Outside of swanky restaurants, luxury malls, and high-class hotels, Thailand is very much a cash-based society. There’s certainly little point heading to a market, for example, with a credit card. Many smaller accommodations also expect payment in cash, as do local restaurants and many attractions. Even some tour operators prefer traditional payment methods over plastic. Make sure you carry enough cash to pay for your everyday needs. ATMs are generally widely available, even in smaller towns, but if you’re heading to more off-the-grid locations or remote islands, it’s best to replenish your funds before setting off. It also pays to have a good stash of smaller notes and coins for low-value purchases; many smaller stores and taxi drivers don’t have much change.
As with most places in the world, there are some common scams and tricks that abound in Thailand’s tourist areas. And, few things can ruin a great day on vacation as fast as realising you’ve been well and truly conned. Thailand’s laid-back atmosphere and smiling locals can make it easy to fall into a false sense of security. Keep your guard up, though, and maintain a healthy level of skepticism. It also helps to gen up on the most common scams too—forewarned is forearmed.
While many tourists in Thailand rent scooters to explore, it really may not be the most sensible of moves. Just look around in places like Pai, Chiang Mai, and the islands and you’ll almost certainly spot people sporting bandages, bruises, cuts and scrapes. Inexperienced riders coupled with Thailand’s terrible road safety records do not go well together. Plus, unless you have a motorbike license from your home country (and, even that’s not a guarantee) you probably won’t be insured. While a small bump can be easy to laugh off, being unable to hike / swim / snorkel etc. for the rest of your trip really could spoil things. And, that’s if nothing worse happens. If you are adamant about renting a scooter, never, ever ride without a helmet; a full-face helmet is highly recommended. Wear closed footwear and long items of clothing.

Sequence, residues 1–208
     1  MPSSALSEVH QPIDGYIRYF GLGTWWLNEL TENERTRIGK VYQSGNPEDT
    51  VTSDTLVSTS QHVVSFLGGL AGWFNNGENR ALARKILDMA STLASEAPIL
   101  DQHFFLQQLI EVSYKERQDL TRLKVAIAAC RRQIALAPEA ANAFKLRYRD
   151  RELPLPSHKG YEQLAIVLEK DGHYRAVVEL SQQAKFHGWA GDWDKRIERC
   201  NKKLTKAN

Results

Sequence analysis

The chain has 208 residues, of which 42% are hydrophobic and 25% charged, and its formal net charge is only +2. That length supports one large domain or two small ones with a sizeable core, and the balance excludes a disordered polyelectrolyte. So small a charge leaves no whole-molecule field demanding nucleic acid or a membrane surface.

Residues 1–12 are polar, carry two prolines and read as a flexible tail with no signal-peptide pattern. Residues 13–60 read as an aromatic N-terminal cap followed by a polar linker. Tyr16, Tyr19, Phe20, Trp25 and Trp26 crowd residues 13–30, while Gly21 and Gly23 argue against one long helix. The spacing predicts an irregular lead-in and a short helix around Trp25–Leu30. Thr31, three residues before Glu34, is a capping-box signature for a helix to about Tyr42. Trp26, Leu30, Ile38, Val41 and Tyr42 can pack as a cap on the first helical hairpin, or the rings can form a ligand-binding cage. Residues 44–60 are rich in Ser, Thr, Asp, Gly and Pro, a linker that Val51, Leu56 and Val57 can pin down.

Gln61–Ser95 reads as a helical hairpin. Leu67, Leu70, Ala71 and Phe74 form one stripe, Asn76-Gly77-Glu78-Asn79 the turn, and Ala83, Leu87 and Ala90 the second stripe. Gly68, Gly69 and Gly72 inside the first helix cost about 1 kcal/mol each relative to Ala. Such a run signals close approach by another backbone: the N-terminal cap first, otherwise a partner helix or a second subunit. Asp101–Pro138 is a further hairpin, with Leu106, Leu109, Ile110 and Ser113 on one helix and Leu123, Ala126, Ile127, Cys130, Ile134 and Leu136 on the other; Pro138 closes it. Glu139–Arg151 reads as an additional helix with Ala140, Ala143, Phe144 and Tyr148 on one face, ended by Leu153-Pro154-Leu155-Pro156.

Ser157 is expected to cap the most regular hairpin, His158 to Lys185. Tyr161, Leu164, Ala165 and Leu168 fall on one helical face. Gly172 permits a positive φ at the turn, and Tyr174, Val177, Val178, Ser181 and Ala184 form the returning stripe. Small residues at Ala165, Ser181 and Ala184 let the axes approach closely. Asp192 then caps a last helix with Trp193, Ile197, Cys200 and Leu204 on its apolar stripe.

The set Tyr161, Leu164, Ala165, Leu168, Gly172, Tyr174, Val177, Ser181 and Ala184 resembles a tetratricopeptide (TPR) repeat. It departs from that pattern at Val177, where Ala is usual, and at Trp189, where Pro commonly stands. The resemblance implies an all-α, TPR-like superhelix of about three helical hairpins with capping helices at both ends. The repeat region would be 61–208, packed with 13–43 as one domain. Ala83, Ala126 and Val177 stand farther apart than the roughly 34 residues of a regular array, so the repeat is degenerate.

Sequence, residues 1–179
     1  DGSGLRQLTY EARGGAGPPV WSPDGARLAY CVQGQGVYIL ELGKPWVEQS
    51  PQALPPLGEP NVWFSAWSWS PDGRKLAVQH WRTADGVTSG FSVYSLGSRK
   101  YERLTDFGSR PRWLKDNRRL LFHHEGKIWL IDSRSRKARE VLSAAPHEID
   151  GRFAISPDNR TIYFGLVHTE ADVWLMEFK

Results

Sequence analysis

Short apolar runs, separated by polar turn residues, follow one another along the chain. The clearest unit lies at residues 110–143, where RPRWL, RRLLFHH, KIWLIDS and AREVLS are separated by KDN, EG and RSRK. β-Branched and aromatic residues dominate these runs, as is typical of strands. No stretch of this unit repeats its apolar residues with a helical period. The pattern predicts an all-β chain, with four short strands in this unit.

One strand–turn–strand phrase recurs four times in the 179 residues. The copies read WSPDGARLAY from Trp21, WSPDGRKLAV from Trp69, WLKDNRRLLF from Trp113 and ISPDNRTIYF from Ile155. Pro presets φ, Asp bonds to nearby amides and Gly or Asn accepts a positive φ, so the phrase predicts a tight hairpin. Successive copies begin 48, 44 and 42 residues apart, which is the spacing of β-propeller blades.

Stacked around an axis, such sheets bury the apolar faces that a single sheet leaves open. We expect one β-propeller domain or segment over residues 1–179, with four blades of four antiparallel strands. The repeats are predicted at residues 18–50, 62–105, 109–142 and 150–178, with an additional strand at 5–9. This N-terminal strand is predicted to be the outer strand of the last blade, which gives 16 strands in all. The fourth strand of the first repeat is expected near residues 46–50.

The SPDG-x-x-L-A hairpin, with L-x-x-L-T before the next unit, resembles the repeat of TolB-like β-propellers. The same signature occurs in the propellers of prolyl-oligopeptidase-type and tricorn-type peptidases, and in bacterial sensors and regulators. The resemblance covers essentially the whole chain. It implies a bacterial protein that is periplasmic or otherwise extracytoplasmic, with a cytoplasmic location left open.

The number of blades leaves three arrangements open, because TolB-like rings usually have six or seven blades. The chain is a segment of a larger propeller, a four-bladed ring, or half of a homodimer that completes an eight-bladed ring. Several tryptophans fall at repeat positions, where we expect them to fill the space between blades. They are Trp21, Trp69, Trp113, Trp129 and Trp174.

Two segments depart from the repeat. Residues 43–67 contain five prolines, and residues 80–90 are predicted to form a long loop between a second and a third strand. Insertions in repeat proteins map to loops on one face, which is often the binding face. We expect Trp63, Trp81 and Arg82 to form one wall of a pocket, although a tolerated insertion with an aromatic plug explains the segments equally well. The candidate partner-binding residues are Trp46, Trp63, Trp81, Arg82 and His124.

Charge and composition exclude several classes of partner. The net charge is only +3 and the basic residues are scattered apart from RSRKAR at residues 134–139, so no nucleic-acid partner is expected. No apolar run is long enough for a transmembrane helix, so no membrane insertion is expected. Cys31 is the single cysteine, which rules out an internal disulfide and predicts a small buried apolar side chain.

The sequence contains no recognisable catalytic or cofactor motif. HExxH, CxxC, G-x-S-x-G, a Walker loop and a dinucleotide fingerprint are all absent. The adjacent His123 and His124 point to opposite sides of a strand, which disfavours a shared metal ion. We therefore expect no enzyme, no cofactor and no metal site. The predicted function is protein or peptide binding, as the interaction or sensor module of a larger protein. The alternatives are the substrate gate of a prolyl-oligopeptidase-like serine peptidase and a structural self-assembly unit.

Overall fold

It can be easy to neglect your health when you’re having a great time travelling. Things like drinking enough water and regularly applying sun cream can easily be forgotten… but, you’ll likely regret it later! Mosquitoes can be pesky, especially during the wet season. As well as being an annoyance, they can also spread nasty diseases. Don’t forget the bug spray for evenings outdoors and trekking adventures through the jungles. Wearing long clothing can also help with bite avoidance. Thailand has many stray animals, and it can be tempting to want to pet a cute little kitty or pup. Rabies (and other illnesses) are a real risk in Thailand. Leave the animals alone! Monkey bites can also be a hazard. Is it worth risking a bite just to get that “cute” picture of a wild monkey perched on your shoulder?
With so many awesome things to see and do, it can be tempting to try and cram as much as possible into your Thailand travels. If time is limited, though, don’t attempt too much. You’ll just end up wasting time on transportation, dashing around sites, and feeling exhausted. If you’ve just got two weeks, for example, it’s better to focus on either the north or the south, plus a few days in Bangkok, rather than trying to do everything.
Haggling is common in many (non-food) markets around Thailand, and you should master the art of negotiation if you want the best deal on your souvenirs. Even something as simple as taking a tuk tuk often requires a little bit of discussion to reach an agreeable price and, although they really should be using a meter, many taxi drivers will try and settle on a fixed price too. Good haggling skills can also help you get bargains on tours, activities, and even accommodation.